Appeal from the Order of the Pennsylvania Insurance Department in case of In Re: Consumers Life Insurance Company, Appeal from Disapproval of 1983 Credit Insurance Rates for Pooled Cases, Docket No. R84-1-5. Application for reconsideration filed and.
Dennis J. Bonetti, Peters & Wasilefski, for petitioner.
Beth C. Sheligo, Assistant Counsel, for respondent.
President Judge Crumlish, Jr. and Judges Rogers, Williams, Jr., Craig, MacPhail, Barry and Colins. Opinion by Judge Rogers.
The Consumers Life Insurance Company (petitioner) has filed a petition for review of an order of the Pennsylvania Insurance Department (department), the effect of which was to uphold the action of the insurance commissioner disapproving the petitioner's proposed schedule of premium rates for credit life insurance for the year 1984.*fn1 The petitioner's proposed rate schedule was disapproved as having been calculated contrary to the department's regulation at 31 Pa. Code § 73.23.
Section 7(a) of the Model Act for the Regulation of Credit Life Insurance and Credit Accident and Health Insurance (Model Act), Act of September 2, 1961, P.L. 1232, as amended, 40 P.S. § 1007.7(a), provides that all proposed premium rates for credit life insurance must be submitted to the insurance commissioner for approval prior to use. Section 7(b) of the Model Act, 40 P.S. § 1007.7(b) requires the insurance commissioner, in deciding whether to approve or disapprove premium rates, to give consideration to the insurer's past and prospective loss experience and to allow a reasonable margin for underwriting profit. By Section 12 of the Model Act, 40 P.S.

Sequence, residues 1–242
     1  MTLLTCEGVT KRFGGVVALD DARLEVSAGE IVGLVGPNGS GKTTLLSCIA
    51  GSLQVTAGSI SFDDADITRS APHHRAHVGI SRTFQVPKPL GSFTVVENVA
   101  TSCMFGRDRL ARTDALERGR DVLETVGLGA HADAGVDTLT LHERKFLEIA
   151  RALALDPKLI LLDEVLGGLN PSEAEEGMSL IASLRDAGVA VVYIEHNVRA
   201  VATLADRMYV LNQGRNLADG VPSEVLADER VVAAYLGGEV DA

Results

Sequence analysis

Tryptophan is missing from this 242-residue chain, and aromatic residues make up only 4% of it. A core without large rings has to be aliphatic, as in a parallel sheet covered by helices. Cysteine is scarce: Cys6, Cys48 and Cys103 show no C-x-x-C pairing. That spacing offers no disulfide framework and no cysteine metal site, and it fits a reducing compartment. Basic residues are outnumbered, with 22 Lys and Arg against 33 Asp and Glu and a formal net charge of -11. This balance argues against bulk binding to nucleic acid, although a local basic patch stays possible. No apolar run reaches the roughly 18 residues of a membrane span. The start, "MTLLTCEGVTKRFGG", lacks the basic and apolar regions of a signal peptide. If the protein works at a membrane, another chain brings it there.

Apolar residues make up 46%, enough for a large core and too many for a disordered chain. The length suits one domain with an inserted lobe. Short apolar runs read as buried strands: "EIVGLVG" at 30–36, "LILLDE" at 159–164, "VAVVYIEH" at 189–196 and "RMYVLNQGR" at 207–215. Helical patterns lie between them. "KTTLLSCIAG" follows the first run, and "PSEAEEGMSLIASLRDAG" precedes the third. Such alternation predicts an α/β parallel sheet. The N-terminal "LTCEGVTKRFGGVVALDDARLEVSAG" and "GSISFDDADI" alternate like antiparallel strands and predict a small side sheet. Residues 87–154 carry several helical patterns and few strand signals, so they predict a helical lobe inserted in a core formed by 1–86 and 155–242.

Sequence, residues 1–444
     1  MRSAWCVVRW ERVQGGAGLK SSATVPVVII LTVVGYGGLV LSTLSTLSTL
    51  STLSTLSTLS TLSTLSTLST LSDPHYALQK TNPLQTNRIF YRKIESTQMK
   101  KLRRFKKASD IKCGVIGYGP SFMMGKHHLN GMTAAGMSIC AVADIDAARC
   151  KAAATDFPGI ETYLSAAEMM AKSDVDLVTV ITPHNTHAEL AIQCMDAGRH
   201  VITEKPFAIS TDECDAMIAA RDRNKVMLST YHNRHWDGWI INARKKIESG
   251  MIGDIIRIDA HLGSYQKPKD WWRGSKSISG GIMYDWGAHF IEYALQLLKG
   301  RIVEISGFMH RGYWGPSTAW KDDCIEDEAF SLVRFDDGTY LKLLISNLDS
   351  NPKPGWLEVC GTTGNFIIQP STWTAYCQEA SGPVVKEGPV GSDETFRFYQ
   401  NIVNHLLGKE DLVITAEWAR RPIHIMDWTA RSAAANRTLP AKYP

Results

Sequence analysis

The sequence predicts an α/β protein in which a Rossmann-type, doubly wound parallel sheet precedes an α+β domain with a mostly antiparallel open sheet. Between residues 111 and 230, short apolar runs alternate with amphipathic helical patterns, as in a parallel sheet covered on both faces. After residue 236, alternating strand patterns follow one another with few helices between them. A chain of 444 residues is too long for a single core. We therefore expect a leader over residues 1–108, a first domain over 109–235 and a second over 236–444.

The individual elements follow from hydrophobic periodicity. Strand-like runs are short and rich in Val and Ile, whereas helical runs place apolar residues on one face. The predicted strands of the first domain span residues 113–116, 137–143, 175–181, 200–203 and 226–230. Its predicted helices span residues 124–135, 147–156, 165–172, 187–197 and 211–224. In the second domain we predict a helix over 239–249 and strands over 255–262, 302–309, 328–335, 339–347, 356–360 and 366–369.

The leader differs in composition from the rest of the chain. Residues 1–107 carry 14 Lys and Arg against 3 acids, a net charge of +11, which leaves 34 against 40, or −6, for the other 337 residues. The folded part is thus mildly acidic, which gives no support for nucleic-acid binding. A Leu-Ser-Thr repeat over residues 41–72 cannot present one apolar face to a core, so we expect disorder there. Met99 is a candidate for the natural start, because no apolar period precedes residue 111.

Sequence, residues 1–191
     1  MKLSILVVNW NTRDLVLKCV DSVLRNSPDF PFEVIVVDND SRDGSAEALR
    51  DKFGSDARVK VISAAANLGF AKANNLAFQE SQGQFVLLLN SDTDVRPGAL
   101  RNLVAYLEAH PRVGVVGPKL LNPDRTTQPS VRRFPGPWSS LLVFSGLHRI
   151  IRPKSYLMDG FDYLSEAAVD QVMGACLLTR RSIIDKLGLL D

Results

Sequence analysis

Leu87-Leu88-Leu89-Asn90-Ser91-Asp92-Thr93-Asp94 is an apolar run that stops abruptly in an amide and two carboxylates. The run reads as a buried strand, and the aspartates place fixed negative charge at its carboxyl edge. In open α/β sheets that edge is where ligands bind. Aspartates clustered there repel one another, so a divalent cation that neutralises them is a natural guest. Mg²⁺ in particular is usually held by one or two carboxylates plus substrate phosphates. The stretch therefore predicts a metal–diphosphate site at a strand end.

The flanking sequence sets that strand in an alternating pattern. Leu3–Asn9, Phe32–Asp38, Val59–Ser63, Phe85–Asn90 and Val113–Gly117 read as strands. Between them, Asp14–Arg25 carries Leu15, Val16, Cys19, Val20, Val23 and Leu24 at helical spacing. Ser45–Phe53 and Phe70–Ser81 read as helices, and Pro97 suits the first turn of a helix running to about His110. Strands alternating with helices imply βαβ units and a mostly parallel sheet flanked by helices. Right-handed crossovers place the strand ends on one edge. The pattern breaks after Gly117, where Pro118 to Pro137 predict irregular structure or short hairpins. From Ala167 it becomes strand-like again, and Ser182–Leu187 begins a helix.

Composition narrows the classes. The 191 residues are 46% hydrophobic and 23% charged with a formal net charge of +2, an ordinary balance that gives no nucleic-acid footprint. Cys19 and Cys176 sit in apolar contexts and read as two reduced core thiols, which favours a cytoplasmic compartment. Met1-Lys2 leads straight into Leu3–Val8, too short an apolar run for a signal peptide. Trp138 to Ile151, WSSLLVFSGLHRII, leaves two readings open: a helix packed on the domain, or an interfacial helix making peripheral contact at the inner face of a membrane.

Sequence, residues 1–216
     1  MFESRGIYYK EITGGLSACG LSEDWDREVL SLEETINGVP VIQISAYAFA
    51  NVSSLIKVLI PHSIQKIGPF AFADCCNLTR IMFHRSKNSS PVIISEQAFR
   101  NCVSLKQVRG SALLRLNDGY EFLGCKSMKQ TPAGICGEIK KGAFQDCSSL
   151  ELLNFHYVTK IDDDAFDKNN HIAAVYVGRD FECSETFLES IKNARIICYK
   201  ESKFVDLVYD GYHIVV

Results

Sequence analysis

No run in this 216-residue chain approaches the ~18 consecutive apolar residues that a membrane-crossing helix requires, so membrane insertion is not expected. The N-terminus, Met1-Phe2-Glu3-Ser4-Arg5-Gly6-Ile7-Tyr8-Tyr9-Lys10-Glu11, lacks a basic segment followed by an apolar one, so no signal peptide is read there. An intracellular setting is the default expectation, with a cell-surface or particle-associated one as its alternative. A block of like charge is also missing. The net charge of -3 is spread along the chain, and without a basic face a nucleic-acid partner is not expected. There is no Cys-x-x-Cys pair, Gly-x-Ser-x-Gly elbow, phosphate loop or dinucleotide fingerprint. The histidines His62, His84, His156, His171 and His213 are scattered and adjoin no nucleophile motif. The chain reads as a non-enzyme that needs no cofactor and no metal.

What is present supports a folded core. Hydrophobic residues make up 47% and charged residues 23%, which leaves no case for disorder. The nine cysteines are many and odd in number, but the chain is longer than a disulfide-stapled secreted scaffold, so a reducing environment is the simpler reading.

§ 1007.12, the insurance commissioner is empowered to promulgate such rules and regulations as he finds necessary for the supervision of the Model Act.
A department regulation at 31 Pa. Code § 73.25 requires that each insurer, as part of its filing of a proposed schedule of premium rates, determine its actual case ratio, defined at 31 Pa. Code § 73.25 as the product of its actual ratio of claims incurred to premiums earned at prima facie rates over an experience period, multiplied by its Basic Loss Ratio.*fn2 When the insurer's actual case ratio, thus calculated, is within a range designated in the department's Credibility Table, its rates for the succeeding year will be those specified in the department's general rate standards. If, however, the insurer's actual case ratio is outside the range of the Credibility Table, additional calculations, not necessary here to describe, are performed to determine its deviation rate factor. When the insurer's deviation rate factor for its proposed rates is less than 5% higher or lower than its deviation rate factor based on the current approved rates, no change from the current approved rates will be allowed. If, however, the deviation rate factor for the proposed rates is more than 5% higher or lower than its deviation rate factor based on current approved rates, then the current approved rates will be adjusted up or down for the ensuing year.
In 1981 the petitioner experienced a large increase in the amount of credit life insurance claims filed. In June, 1982, the petitioner filed its schedule of premium rates proposed for 1983, using data only
from 1981, its then most recent experience year. It obtained a deviation rate factor of 81%. Because this rate factor was more than 5% above its deviation rate factor based on its 1982 approved rates, the department approved a 10% increase in premium rates for the year 1983. In 1982 the petitioner experienced a decrease in the amount of credit life insurance claims filed. In order to minimize the effect of this decrease on its 1984 premium rates, the petitioner used data of both its 1981 and 1982 experience years, and obtained a deviation rate factor of 77% which, if accepted, would have permitted its 1983 rates to remain in effect for 1984. The department, however, recalculated the petitioner's deviation rate factor using data only from the petitioner's 1982 experience year and arrived at a deviation factor of 74%. Because this deviation rate factor was more ...